Thursday, October 13, 2005

The net is widening

One of the great advantages of this blog is its readers, who continue to be alert for stories that we might use. Unlike the MSM we are not only grateful we also take up their suggestions.

At least two members of the forum have pointed out that there has been another arrest in the oil-for-food scandal. As the row about the running of the internet goes on, it is a timely reminder of the sort of people who would, if the disaster happened, be in charge of that precious resource.

A French investigative magistrate, Philippe Courroye has detained the former French ambassador to the UN, Jean-Bernard Merimee, according to the Washington Post,
“to determine why former Iraqi president Saddam Hussein's regime granted him rights to purchase about 4.5 million of barrels of Iraqi oil at a discounted price.”
According to Claudia Rossett, the journalist who unravelled the story in several newspapers, after it was first uncovered by MEMRI,
“The 68-year-old Merimee, one of several individuals now under investigation in France for alleged involvement in Saddam Hussein’s Oil-for-Food scams, is well known for his role in the early 1990s as French ambassador to the United Nations. What investigators have not so far highlighted is that during the period Merimee is alleged to have come into commercial contact with Saddam’s regime, starting in December 2001, he was working not for the French government, but as a special adviser to U.N. Secretary-General Kofi Annan.”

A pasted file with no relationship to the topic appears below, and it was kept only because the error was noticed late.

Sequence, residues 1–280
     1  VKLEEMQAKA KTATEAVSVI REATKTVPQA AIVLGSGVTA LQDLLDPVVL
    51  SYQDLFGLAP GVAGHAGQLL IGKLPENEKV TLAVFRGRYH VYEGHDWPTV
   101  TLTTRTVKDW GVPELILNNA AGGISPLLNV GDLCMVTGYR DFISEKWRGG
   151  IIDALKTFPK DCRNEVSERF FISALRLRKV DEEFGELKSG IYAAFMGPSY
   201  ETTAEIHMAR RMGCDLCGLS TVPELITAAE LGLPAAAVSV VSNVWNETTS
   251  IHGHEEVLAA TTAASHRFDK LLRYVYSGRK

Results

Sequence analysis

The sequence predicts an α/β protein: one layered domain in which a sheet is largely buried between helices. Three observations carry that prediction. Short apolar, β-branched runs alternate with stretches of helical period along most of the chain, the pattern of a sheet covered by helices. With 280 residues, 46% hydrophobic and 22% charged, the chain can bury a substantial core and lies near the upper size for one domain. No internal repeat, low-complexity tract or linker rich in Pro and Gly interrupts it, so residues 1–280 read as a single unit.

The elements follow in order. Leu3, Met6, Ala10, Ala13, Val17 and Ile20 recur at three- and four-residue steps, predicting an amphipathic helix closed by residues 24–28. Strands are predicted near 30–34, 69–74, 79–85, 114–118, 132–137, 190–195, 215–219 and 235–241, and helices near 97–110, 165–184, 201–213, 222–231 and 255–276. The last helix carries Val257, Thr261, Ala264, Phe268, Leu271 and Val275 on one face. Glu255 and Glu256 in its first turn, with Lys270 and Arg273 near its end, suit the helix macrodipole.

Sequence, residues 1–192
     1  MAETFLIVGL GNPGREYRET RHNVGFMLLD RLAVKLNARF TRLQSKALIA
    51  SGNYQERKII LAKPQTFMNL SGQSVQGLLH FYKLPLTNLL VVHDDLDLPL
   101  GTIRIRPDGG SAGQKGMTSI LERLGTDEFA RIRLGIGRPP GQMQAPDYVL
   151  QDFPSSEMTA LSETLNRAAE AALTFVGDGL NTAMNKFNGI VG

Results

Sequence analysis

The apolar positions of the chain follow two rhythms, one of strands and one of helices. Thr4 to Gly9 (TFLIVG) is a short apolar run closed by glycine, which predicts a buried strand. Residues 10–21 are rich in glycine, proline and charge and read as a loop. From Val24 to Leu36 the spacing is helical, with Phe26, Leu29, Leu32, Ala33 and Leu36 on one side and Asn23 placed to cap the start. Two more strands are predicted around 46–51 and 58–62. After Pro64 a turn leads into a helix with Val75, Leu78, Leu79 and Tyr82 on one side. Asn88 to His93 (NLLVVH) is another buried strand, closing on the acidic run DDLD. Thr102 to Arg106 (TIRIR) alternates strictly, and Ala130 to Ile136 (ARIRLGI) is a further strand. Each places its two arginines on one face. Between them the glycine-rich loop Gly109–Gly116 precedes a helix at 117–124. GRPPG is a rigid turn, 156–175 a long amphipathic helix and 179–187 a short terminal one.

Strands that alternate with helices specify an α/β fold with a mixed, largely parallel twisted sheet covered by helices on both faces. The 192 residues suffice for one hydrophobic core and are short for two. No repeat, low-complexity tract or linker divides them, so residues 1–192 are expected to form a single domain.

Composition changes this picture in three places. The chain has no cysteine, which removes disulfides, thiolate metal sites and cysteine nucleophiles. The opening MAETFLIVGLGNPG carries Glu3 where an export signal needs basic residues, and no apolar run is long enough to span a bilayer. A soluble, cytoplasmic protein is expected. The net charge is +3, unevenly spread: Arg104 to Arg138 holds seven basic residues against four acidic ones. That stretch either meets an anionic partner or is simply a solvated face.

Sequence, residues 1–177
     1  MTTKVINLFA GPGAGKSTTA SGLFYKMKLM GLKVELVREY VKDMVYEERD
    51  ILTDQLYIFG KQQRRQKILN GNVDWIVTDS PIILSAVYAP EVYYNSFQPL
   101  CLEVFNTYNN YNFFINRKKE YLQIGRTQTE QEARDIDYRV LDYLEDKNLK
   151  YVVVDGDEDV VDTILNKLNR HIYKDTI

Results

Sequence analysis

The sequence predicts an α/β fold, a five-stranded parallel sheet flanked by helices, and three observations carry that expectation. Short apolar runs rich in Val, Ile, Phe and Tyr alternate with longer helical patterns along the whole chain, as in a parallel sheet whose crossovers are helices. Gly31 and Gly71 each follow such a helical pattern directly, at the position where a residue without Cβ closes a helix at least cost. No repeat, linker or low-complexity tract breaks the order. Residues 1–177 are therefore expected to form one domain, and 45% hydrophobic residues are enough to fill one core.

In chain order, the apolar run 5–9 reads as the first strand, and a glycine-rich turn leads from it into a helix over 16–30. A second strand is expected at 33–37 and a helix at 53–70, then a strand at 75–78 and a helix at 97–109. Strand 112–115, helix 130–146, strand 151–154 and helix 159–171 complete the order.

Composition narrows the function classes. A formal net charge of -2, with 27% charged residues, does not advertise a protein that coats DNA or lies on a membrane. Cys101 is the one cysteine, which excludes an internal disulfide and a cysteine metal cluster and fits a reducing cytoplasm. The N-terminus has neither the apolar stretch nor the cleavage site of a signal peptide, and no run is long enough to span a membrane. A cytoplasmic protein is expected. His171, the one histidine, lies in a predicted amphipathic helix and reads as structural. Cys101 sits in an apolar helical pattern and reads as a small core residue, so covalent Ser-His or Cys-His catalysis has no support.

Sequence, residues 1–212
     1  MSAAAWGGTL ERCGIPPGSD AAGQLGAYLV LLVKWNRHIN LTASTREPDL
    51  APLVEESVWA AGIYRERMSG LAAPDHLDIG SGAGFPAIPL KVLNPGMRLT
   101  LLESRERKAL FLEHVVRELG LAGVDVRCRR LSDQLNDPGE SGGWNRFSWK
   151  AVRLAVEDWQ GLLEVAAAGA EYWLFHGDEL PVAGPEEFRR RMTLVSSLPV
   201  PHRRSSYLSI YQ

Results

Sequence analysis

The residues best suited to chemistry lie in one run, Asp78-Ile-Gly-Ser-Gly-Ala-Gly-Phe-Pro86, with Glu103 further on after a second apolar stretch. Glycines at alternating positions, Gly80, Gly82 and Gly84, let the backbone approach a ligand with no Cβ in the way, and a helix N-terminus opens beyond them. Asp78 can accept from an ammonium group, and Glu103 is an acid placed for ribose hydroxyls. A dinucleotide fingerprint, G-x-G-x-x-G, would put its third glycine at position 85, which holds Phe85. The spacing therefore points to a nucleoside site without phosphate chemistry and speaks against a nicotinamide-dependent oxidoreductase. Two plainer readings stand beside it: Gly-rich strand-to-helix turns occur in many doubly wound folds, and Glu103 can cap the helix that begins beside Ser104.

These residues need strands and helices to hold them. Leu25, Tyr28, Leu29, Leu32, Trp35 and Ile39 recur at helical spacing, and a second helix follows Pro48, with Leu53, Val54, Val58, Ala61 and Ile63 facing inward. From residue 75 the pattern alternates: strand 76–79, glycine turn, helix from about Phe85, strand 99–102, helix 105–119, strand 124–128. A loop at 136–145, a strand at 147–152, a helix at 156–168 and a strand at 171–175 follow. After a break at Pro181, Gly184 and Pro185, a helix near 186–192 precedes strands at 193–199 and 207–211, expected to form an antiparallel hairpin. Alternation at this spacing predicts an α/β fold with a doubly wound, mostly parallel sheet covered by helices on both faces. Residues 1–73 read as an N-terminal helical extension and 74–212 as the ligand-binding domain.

Those sniffer dogs are circling round and round the SecGen.

There are other interesting aspects to M l’Ambassadeur Merimee’s career:
“According to [UN spokesman Stephane] Dujarric, Merimee’s job as special adviser to Annan was to help the United Nations negotiate a framework for “the disbursement of funds” from the European Commission to the world body, leading to a deal that was signed in 2003. Presumably, that entailed no direct link to Iraq. But it did place Merimee in the sensitive spot of negotiating for the Secretary-General over arrangements for European funding for the United Nations.

Merimee was still doing that job in the months following the Sept. 11, 2001, terrorist attacks on the United States, as the debate began turning hot over Iraq – a debate that ultimately polarized with Annan lining up with European heavyweights Germany and France to protest the U.S.-led coalition’s overthrow of Saddam.”
But surely M. l’Escroc Chirac stood up to American aggression out of pure idealism? That is why he and the likes of M. Merimee think that they should be in charge of the internet.


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